My son, the ADHD/Asperger’s WonderKid we affectionately call Clark Kent, recently switched out his Concerta for a natural health and wellness approach to ADHD symptom management. We had a rocky start, but after a few months, we patted each other’s backs and called it a success. Clark started his senior year in high school with his usual high expectations and with pride that he had made it off the meds, a goal of his. After four weeks of school, he printed off his progress reports: zero missed assignments. And he and his partner won his first cross-examination debate tournament of the year. Holy cow! Was it possible that he could post senior year grades worthy of attention from his “A” list schools, the ones that loved his SAT scores but not his class rank? We allowed ourselves to hope, just a tiny bit.
Ah, hope. You fickle beast.
One day he came home from school with some troubling pain in an unmentionable area (or, at least, unmentionable if I want to remain in the good graces of my son) that spurred a trip to the emergency room. It was probably nothing more than a garden-variety infetion, the doc said, but we had to make sure, because the alternatives could be serious. We left with a prescription for mandatory antibiotics.
Side note: Clark had to drag me out of bed to take him to the ER. I had run out of migraine meds and was in bed with the lights out, preferring to suffer there than to brave daylight and driving to go get more Immitrex.
After the ER, Clark went to the pharmacy to get his prescription filled so I could get back in bed. Have I mentioned how awesome it is to have a kid that drives? It’s almost worth the terror of worrying about a vehicle driven by an ADHD teenage boy. So the pharmacist told Clark not to take any vitamins while on the antibiotics, because they could render the antibiotic ineffective.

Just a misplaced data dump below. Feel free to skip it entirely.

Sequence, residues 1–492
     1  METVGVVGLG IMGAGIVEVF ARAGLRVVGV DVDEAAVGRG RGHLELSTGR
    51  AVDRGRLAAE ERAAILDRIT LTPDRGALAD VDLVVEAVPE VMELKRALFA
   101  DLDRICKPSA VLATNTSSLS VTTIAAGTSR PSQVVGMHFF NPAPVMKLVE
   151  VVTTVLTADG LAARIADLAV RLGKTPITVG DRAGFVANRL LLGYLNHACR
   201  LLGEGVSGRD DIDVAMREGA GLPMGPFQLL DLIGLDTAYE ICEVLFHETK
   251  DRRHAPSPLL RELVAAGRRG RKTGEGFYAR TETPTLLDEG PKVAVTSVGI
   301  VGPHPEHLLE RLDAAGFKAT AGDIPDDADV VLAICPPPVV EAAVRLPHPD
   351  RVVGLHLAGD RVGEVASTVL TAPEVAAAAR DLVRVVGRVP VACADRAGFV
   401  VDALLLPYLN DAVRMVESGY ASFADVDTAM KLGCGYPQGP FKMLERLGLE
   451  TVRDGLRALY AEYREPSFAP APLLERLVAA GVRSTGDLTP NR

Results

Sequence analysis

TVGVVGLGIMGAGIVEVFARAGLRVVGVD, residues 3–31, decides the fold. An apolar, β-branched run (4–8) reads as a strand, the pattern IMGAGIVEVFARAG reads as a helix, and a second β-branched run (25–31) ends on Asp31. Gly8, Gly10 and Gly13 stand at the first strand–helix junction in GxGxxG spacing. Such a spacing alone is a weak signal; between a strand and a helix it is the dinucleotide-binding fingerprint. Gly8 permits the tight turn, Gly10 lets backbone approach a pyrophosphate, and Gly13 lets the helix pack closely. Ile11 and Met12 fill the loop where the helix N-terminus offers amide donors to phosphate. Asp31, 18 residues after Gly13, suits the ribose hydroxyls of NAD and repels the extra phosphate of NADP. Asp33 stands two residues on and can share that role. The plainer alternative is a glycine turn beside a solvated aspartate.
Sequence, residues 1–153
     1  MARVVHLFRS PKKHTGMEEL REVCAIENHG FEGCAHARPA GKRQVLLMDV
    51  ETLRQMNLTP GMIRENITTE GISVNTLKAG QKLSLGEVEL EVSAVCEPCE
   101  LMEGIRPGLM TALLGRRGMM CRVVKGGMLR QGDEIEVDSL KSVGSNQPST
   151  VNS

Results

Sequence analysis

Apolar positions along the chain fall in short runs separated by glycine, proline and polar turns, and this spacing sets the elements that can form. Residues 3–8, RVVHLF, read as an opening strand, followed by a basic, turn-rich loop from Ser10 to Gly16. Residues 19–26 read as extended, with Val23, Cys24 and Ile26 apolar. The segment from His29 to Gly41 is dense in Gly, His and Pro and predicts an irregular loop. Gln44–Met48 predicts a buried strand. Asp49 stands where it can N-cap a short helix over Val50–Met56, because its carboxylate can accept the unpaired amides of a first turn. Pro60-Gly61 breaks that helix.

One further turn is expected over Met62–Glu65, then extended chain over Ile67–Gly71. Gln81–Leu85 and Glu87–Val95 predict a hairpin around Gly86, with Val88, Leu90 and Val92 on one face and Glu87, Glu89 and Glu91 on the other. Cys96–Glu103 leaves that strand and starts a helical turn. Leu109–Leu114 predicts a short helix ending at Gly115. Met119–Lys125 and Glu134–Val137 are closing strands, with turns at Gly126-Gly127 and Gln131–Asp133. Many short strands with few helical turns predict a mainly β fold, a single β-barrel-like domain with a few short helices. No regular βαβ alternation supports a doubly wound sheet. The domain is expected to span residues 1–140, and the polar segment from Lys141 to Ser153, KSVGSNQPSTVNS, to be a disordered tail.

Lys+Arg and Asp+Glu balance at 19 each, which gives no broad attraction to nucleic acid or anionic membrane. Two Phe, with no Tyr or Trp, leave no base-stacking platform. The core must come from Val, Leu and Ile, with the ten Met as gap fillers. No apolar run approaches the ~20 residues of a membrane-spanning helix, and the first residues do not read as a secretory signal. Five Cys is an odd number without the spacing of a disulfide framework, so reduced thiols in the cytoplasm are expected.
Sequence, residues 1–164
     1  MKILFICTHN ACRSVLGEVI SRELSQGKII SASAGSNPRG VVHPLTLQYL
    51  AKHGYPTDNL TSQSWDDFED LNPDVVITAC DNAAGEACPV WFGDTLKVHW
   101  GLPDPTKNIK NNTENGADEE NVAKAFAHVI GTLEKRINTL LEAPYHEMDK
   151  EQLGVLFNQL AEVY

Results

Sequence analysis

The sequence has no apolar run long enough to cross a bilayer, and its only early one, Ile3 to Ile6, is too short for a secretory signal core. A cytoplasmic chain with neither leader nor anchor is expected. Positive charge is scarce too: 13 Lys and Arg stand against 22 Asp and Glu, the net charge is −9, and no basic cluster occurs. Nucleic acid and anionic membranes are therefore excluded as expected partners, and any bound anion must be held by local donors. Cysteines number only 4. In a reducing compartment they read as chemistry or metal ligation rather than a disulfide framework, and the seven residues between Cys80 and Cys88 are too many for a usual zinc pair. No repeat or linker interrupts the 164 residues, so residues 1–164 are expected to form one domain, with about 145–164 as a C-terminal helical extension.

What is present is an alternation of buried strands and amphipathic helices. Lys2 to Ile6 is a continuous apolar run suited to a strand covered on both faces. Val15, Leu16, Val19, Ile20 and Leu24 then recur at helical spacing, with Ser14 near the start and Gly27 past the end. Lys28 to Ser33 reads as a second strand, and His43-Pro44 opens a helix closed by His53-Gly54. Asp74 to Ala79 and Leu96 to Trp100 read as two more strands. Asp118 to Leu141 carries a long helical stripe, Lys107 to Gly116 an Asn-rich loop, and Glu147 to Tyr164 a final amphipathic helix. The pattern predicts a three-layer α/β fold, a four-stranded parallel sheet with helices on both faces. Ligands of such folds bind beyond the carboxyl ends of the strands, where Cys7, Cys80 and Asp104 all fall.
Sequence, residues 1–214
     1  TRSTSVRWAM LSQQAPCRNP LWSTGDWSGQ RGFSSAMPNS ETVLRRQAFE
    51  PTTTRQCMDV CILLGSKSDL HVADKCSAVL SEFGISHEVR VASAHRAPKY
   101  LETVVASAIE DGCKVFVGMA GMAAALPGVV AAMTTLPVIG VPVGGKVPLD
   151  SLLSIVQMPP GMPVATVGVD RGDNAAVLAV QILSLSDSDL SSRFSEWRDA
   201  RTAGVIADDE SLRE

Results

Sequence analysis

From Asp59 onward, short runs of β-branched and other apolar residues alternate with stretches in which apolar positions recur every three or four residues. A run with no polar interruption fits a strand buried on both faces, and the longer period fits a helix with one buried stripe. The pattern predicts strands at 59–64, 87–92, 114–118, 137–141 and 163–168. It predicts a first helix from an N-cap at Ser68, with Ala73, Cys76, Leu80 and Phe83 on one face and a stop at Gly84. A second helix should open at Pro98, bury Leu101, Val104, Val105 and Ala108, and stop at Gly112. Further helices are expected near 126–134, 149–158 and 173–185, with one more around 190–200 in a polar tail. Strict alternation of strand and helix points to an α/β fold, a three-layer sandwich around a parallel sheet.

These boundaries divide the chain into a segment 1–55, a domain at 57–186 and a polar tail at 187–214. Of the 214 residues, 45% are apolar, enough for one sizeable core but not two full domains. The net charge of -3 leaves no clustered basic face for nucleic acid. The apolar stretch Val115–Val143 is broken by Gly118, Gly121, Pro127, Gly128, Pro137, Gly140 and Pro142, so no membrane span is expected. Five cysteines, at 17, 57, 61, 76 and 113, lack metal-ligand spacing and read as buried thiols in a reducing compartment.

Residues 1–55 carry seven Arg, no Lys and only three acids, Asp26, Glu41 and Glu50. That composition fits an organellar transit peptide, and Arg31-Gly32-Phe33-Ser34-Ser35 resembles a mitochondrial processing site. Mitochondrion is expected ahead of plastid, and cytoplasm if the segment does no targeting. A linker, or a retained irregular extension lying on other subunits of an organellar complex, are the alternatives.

“Which ones?” I asked, when Clark got home.
“Um, all of them,” he said.
I called. I told the pharmacist about each one.
“To be on the safe side, I’d recommend you just stop them all for the two weeks he’s on the antibiotics,” he said.
“Some help you are,” I thought, but kept my mouth shut. He was helpful, and he didn’t cause this situation. I thanked him and hung up. To Clark, I said, “How about two weeks of the Concerta?”
He shook his head, dark blonde hair windmilling around his crown.
My heart sank. I knew how he felt about this. I knew what going Concerta-free meant to him. I just didn’t have the heart to force him. Thus, I knew where this was headed, with an absolute certainty.
Two weeks later, he had finished the antibiotics, and tanked his grades with missed assignment after missed assignment. Not only that, but getting him re-engaged on the health program wasn’t a gimme. It took another two weeks before he finally resumed it with any regularity. By then, it was too late for the first grading period.
On balance, I’d rather keep Clark healthy. But if I had my druthers, he’d have his health without having to sacrifice his grades. Darn you, ill-timed infection of the you-know-where. Next time, come in the summer. Or not at all.